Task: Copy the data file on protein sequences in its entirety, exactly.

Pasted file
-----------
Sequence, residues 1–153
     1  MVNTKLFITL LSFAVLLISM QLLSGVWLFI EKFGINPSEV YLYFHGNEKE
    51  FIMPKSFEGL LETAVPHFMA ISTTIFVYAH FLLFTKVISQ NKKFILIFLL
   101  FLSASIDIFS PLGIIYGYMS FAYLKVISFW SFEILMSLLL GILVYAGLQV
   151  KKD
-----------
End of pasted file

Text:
Sequence, residues 1–153
     1  MVNTKLFITL LSFAVLLISM QLLSGVWLFI EKFGINPSEV YLYFHGNEKE
    51  FIMPKSFEGL LETAVPHFMA ISTTIFVYAH FLLFTKVISQ NKKFILIFLL
   101  FLSASIDIFS PLGIIYGYMS FAYLKVISFW SFEILMSLLL GILVYAGLQV
   151  KKD